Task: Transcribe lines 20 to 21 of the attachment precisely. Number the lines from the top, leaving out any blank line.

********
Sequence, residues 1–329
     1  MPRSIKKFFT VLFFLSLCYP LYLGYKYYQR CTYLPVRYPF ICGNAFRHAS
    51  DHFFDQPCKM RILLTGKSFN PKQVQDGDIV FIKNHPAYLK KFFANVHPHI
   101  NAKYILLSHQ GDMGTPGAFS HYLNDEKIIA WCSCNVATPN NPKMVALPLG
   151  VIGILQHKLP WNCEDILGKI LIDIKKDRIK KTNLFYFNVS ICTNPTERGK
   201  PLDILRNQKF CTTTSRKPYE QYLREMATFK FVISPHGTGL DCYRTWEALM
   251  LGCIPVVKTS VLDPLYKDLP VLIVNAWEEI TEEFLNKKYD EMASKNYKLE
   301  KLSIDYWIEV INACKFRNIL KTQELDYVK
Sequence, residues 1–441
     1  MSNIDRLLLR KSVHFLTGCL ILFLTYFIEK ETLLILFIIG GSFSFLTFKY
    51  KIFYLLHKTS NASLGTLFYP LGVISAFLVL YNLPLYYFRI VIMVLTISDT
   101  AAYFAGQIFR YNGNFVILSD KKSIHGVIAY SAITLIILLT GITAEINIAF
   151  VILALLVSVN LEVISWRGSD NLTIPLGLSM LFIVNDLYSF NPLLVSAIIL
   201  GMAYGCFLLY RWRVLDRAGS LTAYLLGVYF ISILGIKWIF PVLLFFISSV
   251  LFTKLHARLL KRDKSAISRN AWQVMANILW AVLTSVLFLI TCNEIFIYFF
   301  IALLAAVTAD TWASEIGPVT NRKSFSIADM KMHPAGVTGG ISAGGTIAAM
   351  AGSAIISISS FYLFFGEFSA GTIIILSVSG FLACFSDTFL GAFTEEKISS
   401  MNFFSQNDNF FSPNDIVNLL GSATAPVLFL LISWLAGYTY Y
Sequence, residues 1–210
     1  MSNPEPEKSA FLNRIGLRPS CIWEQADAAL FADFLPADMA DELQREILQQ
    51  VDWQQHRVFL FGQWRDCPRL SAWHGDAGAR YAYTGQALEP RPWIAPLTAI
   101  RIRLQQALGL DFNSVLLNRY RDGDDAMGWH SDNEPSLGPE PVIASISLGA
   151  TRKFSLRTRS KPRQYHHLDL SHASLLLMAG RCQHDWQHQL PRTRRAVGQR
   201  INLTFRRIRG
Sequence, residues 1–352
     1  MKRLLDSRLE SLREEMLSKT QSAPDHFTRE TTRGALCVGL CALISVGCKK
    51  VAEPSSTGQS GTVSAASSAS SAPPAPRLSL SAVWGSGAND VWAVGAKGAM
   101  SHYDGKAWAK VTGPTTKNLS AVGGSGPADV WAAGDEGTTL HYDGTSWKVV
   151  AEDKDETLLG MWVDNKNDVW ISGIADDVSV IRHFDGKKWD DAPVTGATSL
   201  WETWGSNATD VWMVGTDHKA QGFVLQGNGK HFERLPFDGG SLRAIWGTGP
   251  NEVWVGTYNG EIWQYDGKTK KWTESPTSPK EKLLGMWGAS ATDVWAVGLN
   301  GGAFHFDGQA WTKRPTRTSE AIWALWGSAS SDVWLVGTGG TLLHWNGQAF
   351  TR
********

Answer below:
     1  MSNPEPEKSA FLNRIGLRPS CIWEQADAAL FADFLPADMA DELQREILQQ
    51  VDWQQHRVFL FGQWRDCPRL SAWHGDAGAR YAYTGQALEP RPWIAPLTAI